As far as using the jointer for leveling the scarf surfaces, yes, we did a very dangerous thing DaveQ, but we was lucky, and hopefully no one will ever try it again as long as we are around to point out how dangerous it really is. I definitely value having all my fingers so I can play the guitar after I'm finished. :D

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  • 6 months later...

The topics a bit old, but I thought it relevant to my situation..

Just a note from my experiences trying a scarf joint.

Did a search and out came this topic.

I made the jig that is used with the router. Did not work well.

Joint not flat...reason?...guides not perfectly flat. Lots of wobble.

How to get guides flat?...use table saw to cut them...

Hava a table saw?...Then no need for a jig.

All day trying to tweak the jig, then the plywood made nowadays is full of gaps, so that piece of wood was trash. And the worst part, they show up AFTER you've cut the wood.

I made scarf joints at a guitar factory years ago with a chop-saw.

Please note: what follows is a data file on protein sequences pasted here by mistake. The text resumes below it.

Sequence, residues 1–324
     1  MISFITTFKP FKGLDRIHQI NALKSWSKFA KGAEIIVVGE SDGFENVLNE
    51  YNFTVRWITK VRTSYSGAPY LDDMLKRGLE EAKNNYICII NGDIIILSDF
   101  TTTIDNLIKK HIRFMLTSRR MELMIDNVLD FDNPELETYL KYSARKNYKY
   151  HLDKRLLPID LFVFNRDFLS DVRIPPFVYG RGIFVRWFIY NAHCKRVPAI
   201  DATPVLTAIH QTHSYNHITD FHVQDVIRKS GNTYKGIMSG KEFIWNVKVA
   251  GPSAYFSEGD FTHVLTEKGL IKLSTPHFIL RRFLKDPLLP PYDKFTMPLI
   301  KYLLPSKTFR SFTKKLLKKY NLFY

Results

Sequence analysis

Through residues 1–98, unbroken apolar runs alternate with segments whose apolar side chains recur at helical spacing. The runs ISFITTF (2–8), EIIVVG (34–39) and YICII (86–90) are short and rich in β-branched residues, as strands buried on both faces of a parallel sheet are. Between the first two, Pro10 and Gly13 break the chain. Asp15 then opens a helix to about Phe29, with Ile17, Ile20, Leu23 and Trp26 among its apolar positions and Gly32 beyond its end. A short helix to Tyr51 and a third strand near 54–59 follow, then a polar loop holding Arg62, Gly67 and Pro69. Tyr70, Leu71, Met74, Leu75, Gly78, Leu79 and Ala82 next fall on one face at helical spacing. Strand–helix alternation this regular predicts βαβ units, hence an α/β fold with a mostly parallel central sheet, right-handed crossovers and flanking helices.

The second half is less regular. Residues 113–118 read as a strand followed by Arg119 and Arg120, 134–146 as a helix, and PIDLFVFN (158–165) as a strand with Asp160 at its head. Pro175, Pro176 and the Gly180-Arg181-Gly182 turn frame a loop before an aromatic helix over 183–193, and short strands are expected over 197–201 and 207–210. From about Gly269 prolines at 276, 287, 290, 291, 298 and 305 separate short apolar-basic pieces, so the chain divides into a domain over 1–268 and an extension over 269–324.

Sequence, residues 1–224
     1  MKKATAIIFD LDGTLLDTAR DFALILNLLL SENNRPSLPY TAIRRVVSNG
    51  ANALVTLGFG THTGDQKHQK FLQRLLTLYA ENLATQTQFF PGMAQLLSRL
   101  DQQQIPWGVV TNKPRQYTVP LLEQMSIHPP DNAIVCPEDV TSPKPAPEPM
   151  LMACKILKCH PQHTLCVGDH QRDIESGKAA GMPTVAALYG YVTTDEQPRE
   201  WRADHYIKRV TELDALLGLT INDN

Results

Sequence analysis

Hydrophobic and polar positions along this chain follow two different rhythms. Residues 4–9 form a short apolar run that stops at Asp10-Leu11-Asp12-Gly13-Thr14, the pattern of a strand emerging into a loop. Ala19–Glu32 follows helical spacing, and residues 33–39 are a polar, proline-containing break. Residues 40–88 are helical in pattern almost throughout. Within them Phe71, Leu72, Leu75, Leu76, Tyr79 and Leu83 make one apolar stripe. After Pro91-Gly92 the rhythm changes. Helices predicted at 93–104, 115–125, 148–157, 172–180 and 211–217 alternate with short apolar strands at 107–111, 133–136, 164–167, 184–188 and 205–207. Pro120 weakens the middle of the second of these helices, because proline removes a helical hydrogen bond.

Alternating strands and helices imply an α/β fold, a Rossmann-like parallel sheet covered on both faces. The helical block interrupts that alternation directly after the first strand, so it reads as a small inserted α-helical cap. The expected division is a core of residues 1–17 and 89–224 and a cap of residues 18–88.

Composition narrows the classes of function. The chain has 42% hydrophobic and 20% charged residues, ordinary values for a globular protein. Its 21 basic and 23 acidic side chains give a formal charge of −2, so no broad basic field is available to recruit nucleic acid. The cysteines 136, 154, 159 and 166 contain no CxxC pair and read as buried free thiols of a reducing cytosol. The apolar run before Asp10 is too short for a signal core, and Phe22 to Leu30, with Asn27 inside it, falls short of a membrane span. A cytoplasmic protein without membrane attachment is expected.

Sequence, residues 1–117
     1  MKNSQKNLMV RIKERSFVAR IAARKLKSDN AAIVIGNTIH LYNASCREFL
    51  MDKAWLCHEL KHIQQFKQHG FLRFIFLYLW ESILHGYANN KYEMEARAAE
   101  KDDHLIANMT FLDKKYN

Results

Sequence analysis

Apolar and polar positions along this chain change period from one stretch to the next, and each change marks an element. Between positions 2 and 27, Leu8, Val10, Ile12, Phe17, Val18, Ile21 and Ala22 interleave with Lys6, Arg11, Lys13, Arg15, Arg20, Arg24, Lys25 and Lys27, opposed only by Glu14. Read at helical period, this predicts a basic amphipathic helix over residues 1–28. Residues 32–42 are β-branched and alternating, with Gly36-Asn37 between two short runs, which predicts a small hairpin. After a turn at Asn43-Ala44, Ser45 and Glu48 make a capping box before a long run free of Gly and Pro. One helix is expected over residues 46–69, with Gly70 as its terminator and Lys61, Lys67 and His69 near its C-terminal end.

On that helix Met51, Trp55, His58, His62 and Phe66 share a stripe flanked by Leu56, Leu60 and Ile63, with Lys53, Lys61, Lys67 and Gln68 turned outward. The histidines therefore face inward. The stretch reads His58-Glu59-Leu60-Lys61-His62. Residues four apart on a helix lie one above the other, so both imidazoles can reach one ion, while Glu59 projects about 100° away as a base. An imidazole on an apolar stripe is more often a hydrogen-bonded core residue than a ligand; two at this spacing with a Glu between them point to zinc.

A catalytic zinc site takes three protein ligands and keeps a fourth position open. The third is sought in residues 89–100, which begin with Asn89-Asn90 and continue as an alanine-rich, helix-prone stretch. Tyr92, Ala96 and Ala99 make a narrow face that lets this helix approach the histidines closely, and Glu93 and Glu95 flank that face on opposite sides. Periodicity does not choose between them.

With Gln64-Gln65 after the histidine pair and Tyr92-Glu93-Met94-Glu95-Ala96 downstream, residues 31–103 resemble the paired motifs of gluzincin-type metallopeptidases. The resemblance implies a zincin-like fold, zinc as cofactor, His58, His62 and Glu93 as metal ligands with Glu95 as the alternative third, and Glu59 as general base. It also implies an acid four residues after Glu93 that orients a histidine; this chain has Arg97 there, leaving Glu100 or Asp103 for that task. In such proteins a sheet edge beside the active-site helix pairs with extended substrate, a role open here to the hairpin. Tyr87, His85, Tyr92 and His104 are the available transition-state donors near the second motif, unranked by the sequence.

Set a piece of wood against the edge with a 13 or 14 degree, or what ever it was, angle, and cut away.

No need to sand, no nothing.

BUT, them puppies run several hundred dollars.

Was it really worth wasting a whole day for something like this?

For me it wasn't.

The pictures and videos are from people who have the complete shop with everything available to them.

For the regular guy, buy the tool if they have it.

The time wasted making a tool could have gone towards buying the tool and a little extra time for the family.

And less aggrivation.

Do I sound like a defeated man? I'm broken and want to curl up into a little ball in the corner and cry......

Who's got a chop-saw for sale?

Thanks,

Mike

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Tip: if you're going to make jigs, either use MDF, or high-grade, void-free baltic birch ply. Also, how to get sides flat: use a flat reference something as a guide for your router, and use the router to make it flat. Then template route the second piece for a perfect match. For the record; the machined edge on a piece of MDF is very, very, very close to dead-on flat.